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Collage and Ink Figure Study No. 35 [Joan Brown], 1963
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This collage invites us into the physical space of the artist’s studio, as well as his process. Neri anchors the scene with flat paper shapes glued to the page. He suggests depth and volume with hastily brushed black ink, and a profusion of fingerprints index the artist’s handling of the collaged elements. Two figures without hands or feet—it is unclear if they are sculptures or models—pose beneath a bulky light fixture. The kneeling figure at left has the distinctive profile of Joan Brown’s round face. The pose of the standing figure at right evokes the monumental bronze relief sculptures in Henri Matisse’s Backs series, in which the bodies of four burly women protrude from unyielding grounds. Neri created most of his sculptures in plaster, a medium that enabled him to work and rework his figures quickly. Brown described Neri’s process of constructing his plaster sculptures as though they were collages: “Manuel would put on plaster real fast, take a hatchet real fast, cut that arm off, throw it away and twenty minutes later, he’s got a new arm on there.”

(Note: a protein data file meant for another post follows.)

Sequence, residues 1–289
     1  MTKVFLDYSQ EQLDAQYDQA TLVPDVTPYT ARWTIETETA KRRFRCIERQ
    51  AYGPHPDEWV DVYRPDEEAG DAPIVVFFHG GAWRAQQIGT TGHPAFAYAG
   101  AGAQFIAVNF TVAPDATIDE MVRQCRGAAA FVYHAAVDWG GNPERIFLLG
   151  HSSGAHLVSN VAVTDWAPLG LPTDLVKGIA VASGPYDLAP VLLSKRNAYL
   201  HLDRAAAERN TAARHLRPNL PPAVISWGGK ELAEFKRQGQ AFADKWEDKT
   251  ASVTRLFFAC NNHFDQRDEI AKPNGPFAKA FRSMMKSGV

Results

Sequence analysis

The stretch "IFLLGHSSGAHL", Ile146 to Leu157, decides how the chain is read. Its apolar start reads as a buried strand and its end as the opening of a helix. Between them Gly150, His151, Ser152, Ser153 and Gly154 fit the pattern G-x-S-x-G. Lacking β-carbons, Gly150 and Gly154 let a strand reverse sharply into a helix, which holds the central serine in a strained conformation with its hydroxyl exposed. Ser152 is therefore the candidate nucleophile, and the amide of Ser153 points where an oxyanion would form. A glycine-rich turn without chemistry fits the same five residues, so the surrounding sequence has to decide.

-Sidney Simon, PhD ’18